Developments in water policy were equally confused. Under the Water Act 2007, passed by the Commonwealth Parliament with bipartisan support, the Murray Darling Basin Authority (MDBA) was required to produce a plan for the sustainable management of the Basin. The release of the Basin Plan was delayed by the election. The MDBA produced a Guide to the Proposed Basin Plan in October 2010 which met with a very hostile response, with copies of the Guide being burned at public meetings of irrigators. The Draft Plan is still under development.

I’m feeling a bit more hopeful about carbon prices than when I wrote that. Labor, Greens and the Independents seem to be holding together, and the public debate shows some increasing recognition that Abbott is an opportunistic hack and that while preferring prejudice to science may make for good talkback radio, it is not a good basis for public policy.

By contrast, the situation regarding the Murray Darling Basin has gone from bad to worse to pretty much hopeless. We had everything needed for a plan that made just about everyone better off: more water for the environment, a good deal for farmers who wanted to switch out of irrigation, no compulsory acquisition, and enough spare money sloshing into country towns to more than offset any reduction in agricultural output. Instead, the process was spectacularly mishandled, most notably by the Murray Darling Basin Authority, who managed to scare everyone into thinking the government was about to confiscate their water. That handed power back to the most reactionary irrigator lobby groups who just want to stay on the old, unsustainable, path as long as possible, while extracting as much money as they can from the public purse. The release yesterday of the Windsor Report suggests that they will get their wish. The central point of the report is that the government should abandon all “non-strategic” purchases of water, while pouring even more money into so-called “water-saving” schemes, which will cost 5-10 billion while delivering little if any additional water.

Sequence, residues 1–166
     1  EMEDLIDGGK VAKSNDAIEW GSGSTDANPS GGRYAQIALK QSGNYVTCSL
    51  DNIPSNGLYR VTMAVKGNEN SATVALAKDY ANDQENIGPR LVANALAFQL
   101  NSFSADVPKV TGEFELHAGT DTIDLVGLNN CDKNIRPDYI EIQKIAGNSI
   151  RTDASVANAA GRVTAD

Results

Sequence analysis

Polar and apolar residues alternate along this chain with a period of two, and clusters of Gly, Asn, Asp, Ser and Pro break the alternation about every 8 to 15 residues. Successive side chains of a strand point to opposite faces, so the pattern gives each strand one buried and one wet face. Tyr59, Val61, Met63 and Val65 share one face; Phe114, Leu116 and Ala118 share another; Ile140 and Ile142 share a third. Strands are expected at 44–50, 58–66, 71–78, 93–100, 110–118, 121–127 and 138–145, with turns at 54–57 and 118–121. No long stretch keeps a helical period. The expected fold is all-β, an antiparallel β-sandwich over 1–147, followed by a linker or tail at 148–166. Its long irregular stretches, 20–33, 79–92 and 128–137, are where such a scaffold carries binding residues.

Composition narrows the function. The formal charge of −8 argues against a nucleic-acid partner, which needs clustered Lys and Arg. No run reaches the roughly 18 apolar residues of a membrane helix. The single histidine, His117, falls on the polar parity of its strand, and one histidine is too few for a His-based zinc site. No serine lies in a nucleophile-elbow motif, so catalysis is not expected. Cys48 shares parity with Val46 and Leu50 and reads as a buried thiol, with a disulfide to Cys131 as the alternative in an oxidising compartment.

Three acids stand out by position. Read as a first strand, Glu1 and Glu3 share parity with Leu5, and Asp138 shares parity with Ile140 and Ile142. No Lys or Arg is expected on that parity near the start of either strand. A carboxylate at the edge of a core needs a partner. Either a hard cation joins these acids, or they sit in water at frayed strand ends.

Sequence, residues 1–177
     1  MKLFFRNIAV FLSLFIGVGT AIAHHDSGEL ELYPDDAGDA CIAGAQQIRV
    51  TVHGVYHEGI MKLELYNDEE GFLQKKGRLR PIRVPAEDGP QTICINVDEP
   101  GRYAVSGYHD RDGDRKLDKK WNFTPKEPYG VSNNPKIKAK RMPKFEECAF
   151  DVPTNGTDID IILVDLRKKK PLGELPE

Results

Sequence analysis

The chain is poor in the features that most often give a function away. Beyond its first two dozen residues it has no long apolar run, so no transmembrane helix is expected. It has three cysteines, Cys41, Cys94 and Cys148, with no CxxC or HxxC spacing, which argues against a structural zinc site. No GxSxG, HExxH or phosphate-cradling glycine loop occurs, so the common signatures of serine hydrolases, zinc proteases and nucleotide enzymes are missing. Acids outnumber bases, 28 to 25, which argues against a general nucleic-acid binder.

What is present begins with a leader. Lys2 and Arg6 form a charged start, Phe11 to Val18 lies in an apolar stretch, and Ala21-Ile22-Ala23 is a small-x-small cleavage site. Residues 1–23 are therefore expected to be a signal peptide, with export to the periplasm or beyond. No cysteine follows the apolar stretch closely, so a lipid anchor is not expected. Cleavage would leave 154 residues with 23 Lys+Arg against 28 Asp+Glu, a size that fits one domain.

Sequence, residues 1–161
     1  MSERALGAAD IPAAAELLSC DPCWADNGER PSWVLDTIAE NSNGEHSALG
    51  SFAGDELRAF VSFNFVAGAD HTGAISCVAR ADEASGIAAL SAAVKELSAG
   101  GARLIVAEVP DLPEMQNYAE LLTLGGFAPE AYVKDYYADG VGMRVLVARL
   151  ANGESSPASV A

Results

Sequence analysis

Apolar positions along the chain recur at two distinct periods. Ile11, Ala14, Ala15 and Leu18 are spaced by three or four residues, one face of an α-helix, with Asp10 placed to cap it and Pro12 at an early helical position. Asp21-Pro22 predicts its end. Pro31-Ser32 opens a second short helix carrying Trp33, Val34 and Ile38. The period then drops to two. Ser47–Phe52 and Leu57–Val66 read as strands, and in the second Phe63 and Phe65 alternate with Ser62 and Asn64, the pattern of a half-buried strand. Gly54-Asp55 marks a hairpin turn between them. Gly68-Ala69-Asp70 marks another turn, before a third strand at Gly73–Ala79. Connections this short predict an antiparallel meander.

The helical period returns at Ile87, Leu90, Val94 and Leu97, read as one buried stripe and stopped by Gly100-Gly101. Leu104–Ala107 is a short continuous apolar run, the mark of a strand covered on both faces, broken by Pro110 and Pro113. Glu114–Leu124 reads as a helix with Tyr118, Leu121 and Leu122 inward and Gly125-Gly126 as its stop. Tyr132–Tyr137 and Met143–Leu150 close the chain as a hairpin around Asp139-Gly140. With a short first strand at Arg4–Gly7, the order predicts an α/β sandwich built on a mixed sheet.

Perhaps there is a way back from this but I can’t see it at present. For the next couple of years, at least, I plan to give up (or at least scale down) my work on the Basin and focus on more tractable problems like stabilising the global climate, saving the Great Barrier Reef and fixing financial markets.

Why the global carbon price should probably be around $50/tonne (nerdy/wonkish, but not too difficult, I hope)

One of the big frustrations with trying to follow the debate on climate change is that most of the key questions are best answered with large, complicated models. Learning enough to assess these models in one subject area, even in general terms, is a huge task, and learning the details of any particular model is a full-time occupation. But, if we are going to make any real progress, we need numbers we can understand. It seems hopeless, but it isn’t entirely so. One thing I learned very early on about modelling is that, for almost any large complicated model, there’s a small simple model that gives much the same answers to the key questions of interest, if you use it correctly, and choose input parameters consistent with those in the big model. The big model (if it’s a good one) imposes consistency conditions you might miss in a simple model, and also gives detailed answers to lots of more specific questions, but a lot of the time, you can do without that. I’m writing a paper at the moment, trying to answer some of the important in a way anyone can check without spending years mastering a big model.

The biggest question of the moment is: what is the right price for carbon? I’m going to look at this question for the world as a whole, disregarding national differences and so on. If you’ve read the title of the post, you’ll know what answer I reach.